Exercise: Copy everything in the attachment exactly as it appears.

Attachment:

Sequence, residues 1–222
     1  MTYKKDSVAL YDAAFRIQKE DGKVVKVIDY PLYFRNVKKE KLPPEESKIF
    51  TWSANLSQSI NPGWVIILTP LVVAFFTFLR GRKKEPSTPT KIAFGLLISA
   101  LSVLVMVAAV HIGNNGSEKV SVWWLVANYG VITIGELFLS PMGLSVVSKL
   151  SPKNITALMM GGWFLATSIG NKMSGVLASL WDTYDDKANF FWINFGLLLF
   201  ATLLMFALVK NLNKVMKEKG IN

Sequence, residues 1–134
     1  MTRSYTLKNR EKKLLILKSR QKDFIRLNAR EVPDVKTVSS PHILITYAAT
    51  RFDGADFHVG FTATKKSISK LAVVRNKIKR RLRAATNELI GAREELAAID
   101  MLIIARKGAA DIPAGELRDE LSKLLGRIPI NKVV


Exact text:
Sequence, residues 1–222
     1  MTYKKDSVAL YDAAFRIQKE DGKVVKVIDY PLYFRNVKKE KLPPEESKIF
    51  TWSANLSQSI NPGWVIILTP LVVAFFTFLR GRKKEPSTPT KIAFGLLISA
   101  LSVLVMVAAV HIGNNGSEKV SVWWLVANYG VITIGELFLS PMGLSVVSKL
   151  SPKNITALMM GGWFLATSIG NKMSGVLASL WDTYDDKANF FWINFGLLLF
   201  ATLLMFALVK NLNKVMKEKG IN

Sequence, residues 1–134
     1  MTRSYTLKNR EKKLLILKSR QKDFIRLNAR EVPDVKTVSS PHILITYAAT
    51  RFDGADFHVG FTATKKSISK LAVVRNKIKR RLRAATNELI GAREELAAID
   101  MLIIARKGAA DIPAGELRDE LSKLLGRIPI NKVV